Saturday, February 13, 2010

Commercial Delinquency Rising

Commercial Mortgages have hit a new monthly high in delinquencies at 5.42% as can been seen in the chart below.


It is important to note that while we have been talking about the commercial real estate "problem" for a while now there have been no solutions that have come forth to try and fix it.

Thus, the $500 billion in loans that are set to roll over during the next three years should face some problems in that estimates show over 50% of commercial real estate to be under water by next year.

The following chart shows the breakdown of delinquency by the different commercial real estate types:


As you can see, the apartment and hotel sectors are currently seeing a rapidly rising delinquency rate.  These were the properties that saw the most flexible loan terms during the bubble years.

The apartment market, in my mind, will represent the greatest buying opporunity once we see the real collapse in property values. The reason for this is simple logic: our population continues to grow and those people will need a place to live.

You may also note that the deliquency rate is the highest in the South.  That is why I live in Charlotte, a city facing extreme short term pain that has tremendous growth potential over the next 20 years. (Much more to come on that in the future)

Office and Retail are facing challenges in that many businesses can now work from home, and many consumers can shop from home. Once oil prices begin surging again in 2012-2013 when we face the coming supply crisis, working and shopping from home will become far more appealing.

The buying opportunities in the apartment market will come when the FDIC sells the assets they acquire from failed banks into the open market.

Until then, sell your home, sell your buildings, and sell any securities that invest in any form of mortgages.

We ain't seen nothing yet.

Thursday, February 11, 2010

Niall Ferguson

Niall Ferguson discussing the eurozone and the next coming debt crisis: The USA.

Wednesday, February 10, 2010

Stephen Leeb

Stephen Leeb, author of the coming Economic Collapse, which was published in February 2007, takes some time to speak with Forbes Magazine. 

The topic moves to silver, the poor man's gold, and soon to be global darling.

Tuesday, February 9, 2010

Talks With Pops

I spoke with my father on the phone a few nights ago and we talked a little about retirement.  During the conversation he mentioned that he will have the ability to access social security in just a few years.

If my father is confused on the availability of social security, then I would imagine there are a great deal of other boomers that do not understand what is going on with the fund.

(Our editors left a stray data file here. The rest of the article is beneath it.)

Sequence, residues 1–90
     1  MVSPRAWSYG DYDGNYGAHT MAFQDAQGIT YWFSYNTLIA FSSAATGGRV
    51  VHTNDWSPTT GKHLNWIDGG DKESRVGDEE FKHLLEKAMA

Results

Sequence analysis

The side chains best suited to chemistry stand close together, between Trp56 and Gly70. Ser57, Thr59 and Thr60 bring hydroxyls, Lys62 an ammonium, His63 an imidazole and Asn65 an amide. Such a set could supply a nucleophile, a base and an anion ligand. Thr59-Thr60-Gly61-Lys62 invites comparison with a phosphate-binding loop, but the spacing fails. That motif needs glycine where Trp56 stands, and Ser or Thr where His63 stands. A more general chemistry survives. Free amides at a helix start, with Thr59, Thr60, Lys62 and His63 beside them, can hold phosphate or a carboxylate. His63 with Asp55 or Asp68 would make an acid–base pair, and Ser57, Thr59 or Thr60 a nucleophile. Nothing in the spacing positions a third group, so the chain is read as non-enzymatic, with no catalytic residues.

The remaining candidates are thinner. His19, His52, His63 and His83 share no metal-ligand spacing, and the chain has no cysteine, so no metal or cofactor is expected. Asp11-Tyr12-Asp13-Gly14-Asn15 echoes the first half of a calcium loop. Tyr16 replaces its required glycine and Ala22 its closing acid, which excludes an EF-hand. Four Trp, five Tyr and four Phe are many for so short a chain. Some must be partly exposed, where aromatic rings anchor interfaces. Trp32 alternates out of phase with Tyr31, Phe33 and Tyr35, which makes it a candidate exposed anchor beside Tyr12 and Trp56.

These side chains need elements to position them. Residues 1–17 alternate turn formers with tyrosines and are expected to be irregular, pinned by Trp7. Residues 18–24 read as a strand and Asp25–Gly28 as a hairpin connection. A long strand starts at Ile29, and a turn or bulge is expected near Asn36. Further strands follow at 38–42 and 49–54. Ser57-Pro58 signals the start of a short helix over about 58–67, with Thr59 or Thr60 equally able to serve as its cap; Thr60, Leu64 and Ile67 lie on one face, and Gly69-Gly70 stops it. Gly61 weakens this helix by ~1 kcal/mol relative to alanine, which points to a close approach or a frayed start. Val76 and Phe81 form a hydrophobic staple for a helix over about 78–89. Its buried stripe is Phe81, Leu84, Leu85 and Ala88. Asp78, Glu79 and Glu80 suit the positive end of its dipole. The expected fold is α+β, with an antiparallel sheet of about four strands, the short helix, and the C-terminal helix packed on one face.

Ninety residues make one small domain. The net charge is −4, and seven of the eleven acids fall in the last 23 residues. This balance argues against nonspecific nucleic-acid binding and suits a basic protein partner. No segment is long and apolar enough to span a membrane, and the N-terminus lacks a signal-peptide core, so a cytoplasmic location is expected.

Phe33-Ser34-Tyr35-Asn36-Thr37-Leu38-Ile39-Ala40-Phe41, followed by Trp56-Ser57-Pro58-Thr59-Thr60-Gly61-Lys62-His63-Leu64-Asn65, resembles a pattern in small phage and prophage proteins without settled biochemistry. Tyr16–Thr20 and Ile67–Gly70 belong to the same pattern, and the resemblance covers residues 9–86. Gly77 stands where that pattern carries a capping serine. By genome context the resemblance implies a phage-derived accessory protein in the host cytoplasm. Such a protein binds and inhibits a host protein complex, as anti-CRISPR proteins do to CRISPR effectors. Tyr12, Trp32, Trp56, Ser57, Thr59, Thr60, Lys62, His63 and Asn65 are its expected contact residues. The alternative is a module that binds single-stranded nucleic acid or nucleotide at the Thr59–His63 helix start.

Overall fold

Over the past 70 years, since the social security program was created, it has run a surplus.  This means that workers are taxed a percentage of their income every month and that money is put into the social security fund for their future retirement.

When they reach that magic retirement age they will be paid X amount of dollars every month.

What most do not understand is what has happened to that fund over the past 70 years.

Let's say that the social security fund in a given year takes in $400 billion in taxes.  The program pays out $200 billion in social security payments.  This leaves a $200 billion "surplus" that is put away for future generations.

The problem is that the money is not put away for future generations.  Many people do not realize that our government then "borrows" that $200 billion and spends it.  They replace the money with an I.O.U. called a treasury bond.

It is similar to the movie Dumb and Dumber when Jim Carey hands the bad guys the suitcase full of I.O.U.'s.

The size of the "surplus" suitcase that is full of I.O.U. pieces of paper is now $10 trillion.  That is money promised to the retiring baby boomers that is no longer there.

This year things will begin to get interesting.  For the first time ever, the amount of money that is brought in with taxes is going to be LESS than the amount paid out.

For example, the government still has to pay out the $200 billion in social security benefits, but they only take in $180 billion in taxes for the program. (I am making up these numbers to make it easy to understand)

This gap is going to grow wider and wider every year as we move forward for two reasons:

1.  There is a tsunami of boomers about to retire
2.  Tax receipts are plummeting in the current recession/depression

Costs Higher/Income Lower

This difference in cost between what the program takes in and what they pay out will be added to the regular budget deficit.

For example, last year the budget deficit came in at $1.4 trillion, however that included the government TAKING money from the social security surplus to pay down the debt.